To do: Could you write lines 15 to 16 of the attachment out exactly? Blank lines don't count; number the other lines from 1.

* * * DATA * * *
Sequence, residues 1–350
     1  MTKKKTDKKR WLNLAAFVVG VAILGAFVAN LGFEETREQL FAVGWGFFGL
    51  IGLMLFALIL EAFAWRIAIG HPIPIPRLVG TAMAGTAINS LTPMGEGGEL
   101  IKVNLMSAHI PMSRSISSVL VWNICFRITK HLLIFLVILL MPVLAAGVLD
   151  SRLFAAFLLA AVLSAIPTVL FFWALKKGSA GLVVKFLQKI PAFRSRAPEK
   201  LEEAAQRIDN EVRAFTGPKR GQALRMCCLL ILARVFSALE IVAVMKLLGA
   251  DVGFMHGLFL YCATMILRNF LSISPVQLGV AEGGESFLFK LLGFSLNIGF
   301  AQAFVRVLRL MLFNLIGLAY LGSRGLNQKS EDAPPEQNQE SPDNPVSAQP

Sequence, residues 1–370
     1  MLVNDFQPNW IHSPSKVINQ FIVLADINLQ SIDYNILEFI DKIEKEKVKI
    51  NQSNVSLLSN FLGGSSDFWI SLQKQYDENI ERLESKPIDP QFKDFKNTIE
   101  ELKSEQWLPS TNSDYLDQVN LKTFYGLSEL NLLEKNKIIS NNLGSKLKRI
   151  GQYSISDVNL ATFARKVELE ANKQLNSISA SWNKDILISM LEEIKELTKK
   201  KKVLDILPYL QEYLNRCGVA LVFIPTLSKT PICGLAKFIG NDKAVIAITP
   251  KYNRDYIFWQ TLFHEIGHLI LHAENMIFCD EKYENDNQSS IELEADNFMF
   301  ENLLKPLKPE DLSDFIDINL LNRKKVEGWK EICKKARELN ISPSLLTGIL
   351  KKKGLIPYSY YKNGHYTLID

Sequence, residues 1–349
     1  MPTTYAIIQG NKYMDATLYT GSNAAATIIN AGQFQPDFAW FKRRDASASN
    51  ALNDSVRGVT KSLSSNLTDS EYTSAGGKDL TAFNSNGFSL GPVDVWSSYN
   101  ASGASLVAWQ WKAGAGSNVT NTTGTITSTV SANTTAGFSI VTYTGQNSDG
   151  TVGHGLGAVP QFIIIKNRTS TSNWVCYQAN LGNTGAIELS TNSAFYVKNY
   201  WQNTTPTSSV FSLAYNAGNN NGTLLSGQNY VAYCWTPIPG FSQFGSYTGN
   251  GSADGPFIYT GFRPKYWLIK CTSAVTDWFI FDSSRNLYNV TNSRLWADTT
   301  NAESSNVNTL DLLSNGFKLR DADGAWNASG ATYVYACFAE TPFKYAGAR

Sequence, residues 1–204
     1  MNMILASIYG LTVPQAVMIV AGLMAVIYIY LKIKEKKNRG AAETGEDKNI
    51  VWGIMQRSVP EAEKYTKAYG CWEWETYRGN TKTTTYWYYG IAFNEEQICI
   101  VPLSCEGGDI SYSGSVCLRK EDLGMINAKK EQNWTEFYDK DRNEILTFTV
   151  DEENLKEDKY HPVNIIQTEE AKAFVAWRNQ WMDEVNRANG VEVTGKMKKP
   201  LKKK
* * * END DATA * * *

   251  KYNRDYIFWQ TLFHEIGHLI LHAENMIFCD EKYENDNQSS IELEADNFMF
   301  ENLLKPLKPE DLSDFIDINL LNRKKVEGWK EICKKARELN ISPSLLTGIL